We had a Q&A with Pallav Nadhani at his Bangalore office. Pallav is the CEO of FusionCharts which is one of India’s fastest growing start-ups with over 20k customers in 118 countries. Pallav had a lot of interesting insight on India’s global market opportunities as well as the current social economic challenges that exist within the country. I briefly spoke with him about how I was trying to grow the Miami start-up community and we compared notes. He said that he felt that one of the most common connections was that cities and countries alike need to realize that entrepreneurs have enough challenges as it is and anything that a municipality or government can do to fast-track certain bureaucracies would be essential to fostering growth. A lot of governments focus on things like tax credits which is great but being able to accomplish things quickly from an entrepreneurs stand-point is key since they are generally working against the clock and have a limited runway.
Pallav said that one of the biggest challenges that start-ups faced in India was what he referred to as a “Series A Crunch” which meant that start-ups were finding it easier to get seed capital but were hitting road blocks when it came to raising a Series A round of financing. I chimed in and told Pallav that I thought that was also a problem that existed in other countries as well as the United States. I asked Dave his thoughts on the matter and he said that the “crunch” can be viewed as a good thing or bad. It’s good because investors and entrepreneurs make smaller mistakes, whereas an angel investor might only commit $50k versus $5 million which was typical investment a few years ago.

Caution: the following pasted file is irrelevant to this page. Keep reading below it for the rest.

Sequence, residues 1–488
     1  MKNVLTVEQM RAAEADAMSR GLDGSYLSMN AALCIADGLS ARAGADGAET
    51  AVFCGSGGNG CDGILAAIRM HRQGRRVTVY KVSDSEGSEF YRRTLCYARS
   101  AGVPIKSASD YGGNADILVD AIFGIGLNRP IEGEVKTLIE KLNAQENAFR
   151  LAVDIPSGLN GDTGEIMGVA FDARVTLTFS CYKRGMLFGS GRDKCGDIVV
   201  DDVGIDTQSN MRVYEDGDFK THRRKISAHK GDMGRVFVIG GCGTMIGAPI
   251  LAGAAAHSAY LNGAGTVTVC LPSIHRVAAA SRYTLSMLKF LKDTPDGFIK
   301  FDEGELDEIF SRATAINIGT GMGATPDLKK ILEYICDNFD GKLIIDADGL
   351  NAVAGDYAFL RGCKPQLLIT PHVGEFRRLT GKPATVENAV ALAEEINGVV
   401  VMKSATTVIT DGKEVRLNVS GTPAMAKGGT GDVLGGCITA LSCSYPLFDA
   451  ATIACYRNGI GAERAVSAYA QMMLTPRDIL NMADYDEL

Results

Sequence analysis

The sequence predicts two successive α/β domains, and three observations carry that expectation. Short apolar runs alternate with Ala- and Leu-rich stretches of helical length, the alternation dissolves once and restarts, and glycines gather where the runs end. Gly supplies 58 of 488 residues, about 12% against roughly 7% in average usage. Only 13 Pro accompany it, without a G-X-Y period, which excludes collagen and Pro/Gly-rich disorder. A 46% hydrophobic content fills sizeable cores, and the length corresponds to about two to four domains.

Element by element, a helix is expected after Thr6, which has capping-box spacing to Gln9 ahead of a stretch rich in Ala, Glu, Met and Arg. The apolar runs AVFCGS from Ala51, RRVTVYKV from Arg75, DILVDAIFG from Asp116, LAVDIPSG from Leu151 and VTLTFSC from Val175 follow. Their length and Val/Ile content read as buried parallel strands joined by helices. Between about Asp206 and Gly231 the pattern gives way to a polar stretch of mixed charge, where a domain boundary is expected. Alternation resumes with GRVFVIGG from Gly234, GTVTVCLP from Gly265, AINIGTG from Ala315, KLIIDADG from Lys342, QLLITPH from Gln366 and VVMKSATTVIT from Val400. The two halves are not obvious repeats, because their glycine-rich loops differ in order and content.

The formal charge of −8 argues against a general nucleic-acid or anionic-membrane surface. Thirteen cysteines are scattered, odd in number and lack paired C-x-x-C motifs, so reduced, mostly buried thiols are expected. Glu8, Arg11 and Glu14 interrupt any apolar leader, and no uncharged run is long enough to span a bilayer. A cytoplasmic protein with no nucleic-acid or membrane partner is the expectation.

Pallav continued to talk about some of the other challenges and said that people don’t quite understand the overall global problem in India: adoption is slow and sales cycles are very long. He said it’s essential to have a blueprint and know where you’re headed, what problem you’re going to solve and create a solution. Some of the other GOAP geeks asked questions regarding the work culture in India as it related to the tech community and how it compared to the U.S.
Pallav said that the culture is very different in India. Your typical entry-level developer out of college makes approximately $6k/year. There are plenty of human resources in India but finding true brand evangelists is difficult and there aren’t too many. Some of the GOAP members suggested that you build brand ambassadors from within and referred to U.S. companies that have done just that.